Advocates of free will regard freedom of thought as innate to the human mind, while opponents regard the mind as thinking only the thoughts that a purely deterministic brain happens to be engaged in at the time.

In political discourse, political freedom is often associated with liberty and autonomy in the sense of “giving oneself one’s own laws”, and with having rights and the civil liberties with which to exercise them without undue interference by the state. Frequently discussed kinds of political freedom include freedom of assembly, freedom of association, freedom of choice, and freedom of speech.

In some circumstances, particularly when discussion is limited to political freedoms, the terms “freedom” and “liberty” tend to be used interchangeably.[1][2] Elsewhere, however, subtle distinctions between freedom and liberty have been noted.[3] JohnStuartMill, differentiated liberty from freedom in that freedom is primarily, if not exclusively, the ability to do as one wills and what one has the power to do; whereas liberty concerns the absence of arbitrary restraints and takes into account the rights of all involved. As such, the exercise of liberty is subject to capability and limited by the rights of others.[4]

Wendy Hui Kyong Chun explains the differences in terms of their relation to institutions:

Liberty is linked to human subjectivity; freedom is not. The Declaration of Independence, for example, describes men as having liberty and the nation as being free. Free willthe quality of being free from the control of fate or necessitymay first have been attributed to human will, but Newtonian physics attributes freedomdegrees of freedom, free bodiesto objects.[5]

Freedom differs from liberty as control differs from discipline. Liberty, like discipline, is linked to institutions and political parties, whether liberal or libertarian; freedom is not. Although freedom can work for or against institutions, it is not bound to themit travels through unofficial networks. To have liberty is to be liberated from something; to be free is to be self-determining, autonomous. Freedom can or cannot exist within a state of liberty: one can be liberated yet unfree, or free yet enslaved (Orlando Patterson has argued in Freedom: Freedom in the Making of Western Culture that freedom arose from the yearnings of slaves).[5]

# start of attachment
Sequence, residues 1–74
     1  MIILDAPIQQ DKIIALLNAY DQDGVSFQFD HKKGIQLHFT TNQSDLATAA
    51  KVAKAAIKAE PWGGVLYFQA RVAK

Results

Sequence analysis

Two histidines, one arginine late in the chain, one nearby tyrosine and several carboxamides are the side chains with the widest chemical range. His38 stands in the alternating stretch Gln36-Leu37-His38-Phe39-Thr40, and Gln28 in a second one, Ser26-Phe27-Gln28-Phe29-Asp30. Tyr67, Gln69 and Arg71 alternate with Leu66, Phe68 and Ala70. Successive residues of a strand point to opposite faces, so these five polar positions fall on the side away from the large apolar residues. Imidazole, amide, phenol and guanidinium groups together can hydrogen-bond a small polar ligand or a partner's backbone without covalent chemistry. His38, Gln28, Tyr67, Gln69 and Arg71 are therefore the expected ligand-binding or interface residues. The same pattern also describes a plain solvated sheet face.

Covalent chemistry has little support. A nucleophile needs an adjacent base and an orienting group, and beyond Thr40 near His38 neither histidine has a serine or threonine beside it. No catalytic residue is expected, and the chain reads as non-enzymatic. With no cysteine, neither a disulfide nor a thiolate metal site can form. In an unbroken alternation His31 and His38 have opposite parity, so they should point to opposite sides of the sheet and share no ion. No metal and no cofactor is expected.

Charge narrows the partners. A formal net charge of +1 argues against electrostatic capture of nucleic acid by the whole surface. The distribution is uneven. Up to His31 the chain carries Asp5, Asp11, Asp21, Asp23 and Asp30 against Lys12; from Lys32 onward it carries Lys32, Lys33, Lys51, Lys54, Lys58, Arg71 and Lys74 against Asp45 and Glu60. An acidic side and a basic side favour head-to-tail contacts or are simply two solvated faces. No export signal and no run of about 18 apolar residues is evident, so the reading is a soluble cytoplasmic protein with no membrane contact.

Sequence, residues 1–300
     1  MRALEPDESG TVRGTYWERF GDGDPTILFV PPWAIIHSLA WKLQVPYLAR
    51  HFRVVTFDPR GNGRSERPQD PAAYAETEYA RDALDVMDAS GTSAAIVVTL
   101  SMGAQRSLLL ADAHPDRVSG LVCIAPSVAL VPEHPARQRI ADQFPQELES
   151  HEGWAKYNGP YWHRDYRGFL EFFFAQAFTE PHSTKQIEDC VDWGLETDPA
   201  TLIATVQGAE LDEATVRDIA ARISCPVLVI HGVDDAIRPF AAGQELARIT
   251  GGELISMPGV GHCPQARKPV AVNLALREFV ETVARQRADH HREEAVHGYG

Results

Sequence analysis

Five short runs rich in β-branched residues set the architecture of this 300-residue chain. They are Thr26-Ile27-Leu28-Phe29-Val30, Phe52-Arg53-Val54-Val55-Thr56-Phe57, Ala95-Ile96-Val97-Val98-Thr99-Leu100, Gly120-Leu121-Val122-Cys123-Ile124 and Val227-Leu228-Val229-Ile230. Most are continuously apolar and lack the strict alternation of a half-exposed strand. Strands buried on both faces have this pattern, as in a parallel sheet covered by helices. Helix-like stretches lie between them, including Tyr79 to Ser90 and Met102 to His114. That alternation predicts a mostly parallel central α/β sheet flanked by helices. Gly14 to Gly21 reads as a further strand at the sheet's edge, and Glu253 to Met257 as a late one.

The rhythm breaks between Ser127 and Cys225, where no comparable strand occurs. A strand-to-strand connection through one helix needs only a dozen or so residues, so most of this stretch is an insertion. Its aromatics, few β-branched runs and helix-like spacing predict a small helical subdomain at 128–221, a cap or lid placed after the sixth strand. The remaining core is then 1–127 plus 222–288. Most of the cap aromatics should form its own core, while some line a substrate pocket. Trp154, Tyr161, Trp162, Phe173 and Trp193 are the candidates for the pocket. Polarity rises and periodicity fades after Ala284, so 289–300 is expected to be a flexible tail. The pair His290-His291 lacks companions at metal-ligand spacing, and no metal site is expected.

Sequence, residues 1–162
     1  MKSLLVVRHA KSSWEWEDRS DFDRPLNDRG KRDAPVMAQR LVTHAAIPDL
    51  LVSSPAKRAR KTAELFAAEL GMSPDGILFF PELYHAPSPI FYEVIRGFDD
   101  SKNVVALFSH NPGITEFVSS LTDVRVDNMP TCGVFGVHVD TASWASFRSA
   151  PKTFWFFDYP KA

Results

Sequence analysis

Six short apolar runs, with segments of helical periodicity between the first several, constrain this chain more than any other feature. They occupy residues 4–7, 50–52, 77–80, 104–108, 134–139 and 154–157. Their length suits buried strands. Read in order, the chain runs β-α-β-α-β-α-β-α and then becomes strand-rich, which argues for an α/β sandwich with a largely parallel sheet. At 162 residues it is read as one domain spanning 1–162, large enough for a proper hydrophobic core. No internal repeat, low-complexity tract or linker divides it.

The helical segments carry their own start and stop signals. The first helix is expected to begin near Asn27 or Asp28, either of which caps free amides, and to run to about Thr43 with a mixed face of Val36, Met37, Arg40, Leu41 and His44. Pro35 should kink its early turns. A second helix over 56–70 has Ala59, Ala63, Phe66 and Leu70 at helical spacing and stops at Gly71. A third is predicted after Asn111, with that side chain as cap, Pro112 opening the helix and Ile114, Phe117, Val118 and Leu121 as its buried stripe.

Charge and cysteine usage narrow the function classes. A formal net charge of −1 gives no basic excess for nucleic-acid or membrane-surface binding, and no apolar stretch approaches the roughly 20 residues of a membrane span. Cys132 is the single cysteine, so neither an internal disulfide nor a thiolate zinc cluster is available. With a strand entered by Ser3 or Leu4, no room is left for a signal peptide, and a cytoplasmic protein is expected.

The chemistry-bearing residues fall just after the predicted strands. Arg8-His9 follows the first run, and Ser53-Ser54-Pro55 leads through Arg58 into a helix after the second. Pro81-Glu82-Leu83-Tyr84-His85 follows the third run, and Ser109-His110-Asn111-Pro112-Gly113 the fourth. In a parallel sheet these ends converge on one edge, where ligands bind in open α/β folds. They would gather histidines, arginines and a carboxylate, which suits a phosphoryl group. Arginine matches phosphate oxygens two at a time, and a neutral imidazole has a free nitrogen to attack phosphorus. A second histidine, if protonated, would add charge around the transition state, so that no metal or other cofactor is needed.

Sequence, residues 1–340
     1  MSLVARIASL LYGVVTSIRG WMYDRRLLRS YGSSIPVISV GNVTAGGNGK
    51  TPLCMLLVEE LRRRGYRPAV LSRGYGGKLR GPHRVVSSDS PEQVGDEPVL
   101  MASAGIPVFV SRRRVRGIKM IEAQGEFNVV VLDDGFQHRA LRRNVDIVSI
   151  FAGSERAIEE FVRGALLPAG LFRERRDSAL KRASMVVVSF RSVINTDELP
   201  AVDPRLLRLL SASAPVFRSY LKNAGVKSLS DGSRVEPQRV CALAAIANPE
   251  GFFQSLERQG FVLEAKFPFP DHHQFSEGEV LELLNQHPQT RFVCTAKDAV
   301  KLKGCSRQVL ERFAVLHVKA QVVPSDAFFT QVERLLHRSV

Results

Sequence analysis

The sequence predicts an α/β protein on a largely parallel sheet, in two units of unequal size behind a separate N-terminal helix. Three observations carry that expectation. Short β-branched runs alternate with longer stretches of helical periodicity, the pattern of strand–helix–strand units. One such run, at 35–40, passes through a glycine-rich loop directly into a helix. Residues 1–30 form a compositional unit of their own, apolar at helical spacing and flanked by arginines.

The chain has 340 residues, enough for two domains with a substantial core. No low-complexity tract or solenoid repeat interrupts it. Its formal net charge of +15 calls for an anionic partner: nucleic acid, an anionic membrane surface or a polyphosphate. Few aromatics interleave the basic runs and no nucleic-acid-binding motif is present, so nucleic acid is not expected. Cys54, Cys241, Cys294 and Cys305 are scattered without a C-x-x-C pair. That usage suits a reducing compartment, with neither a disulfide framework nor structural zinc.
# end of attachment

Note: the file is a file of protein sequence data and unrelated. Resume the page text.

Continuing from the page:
Another distinction that some political theorists have deemed important is that people may aspire to have freedom from limiting forces (such as freedom from fear, freedom from want, and freedom from discrimination), but descriptions of freedom and liberty generally do not invoke having liberty from anything.[2] To the contrary, the concept of negative liberty refers to the liberty one person may have to restrict the rights of others.[2]

Other important fields in which freedom is an issue include economic freedom, academic freedom, intellectual freedom, and scientific freedom.

In purely physical terms, freedom is used much more broadly to describe the limits to which physical movement or other physical processes are possible. This relates to the philosophical concept to the extent that people may be considered to have as much freedom as they are physically able to exercise. The number of independent variables or parameters for a system is described as its number of degrees of freedom. For example the movement of a vehicle along a road has two degrees of freedom; to go fast or slow, or to change direction by turning left or right. The movement of a ship sailing on the waves has four degrees of freedom, since it can also pitch nose-to-tail and roll side-to-side. An aeroplane can also climb and sideslip, giving it six degrees of freedom.

Degrees of freedom in mechanics describes the number of independent motions that are allowed to a body, or, in case of a mechanism made of several bodies, the number of possible independent relative motions between the pieces of the mechanism. In the study of complex motor control, there may be so many degrees of freedom that a given action can be achieved in different ways by combining movements with different degrees of freedom. This issue is sometimes called the degrees of freedom problem.

In mathematics freedom is the ability of a variable to change in value.

Some equations have many such variables. This notion is formalized as the dimension of a manifold or an algebraic variety. When degrees of freedom is used instead of dimension, this usually means that the manifold or variety that models the system is only implicitly defined. Such degrees of freedom appear in many mathematical and related disciplines, including degrees of freedom as used in physics and chemistry to explain dependence on parameters, or the dimensions of a phase space; and degrees of freedom in statistics, the number of values in the final calculation of a statistic that are free to vary.

Visit link:

Freedom – Wikipedia

New Theory: The Universe is a Bubble, Inflated by Dark Energy

A mind-bending new theory claims to make sense not just of the expanding universe and extra dimensions, but string theory and dark energy as well.

Dark Energy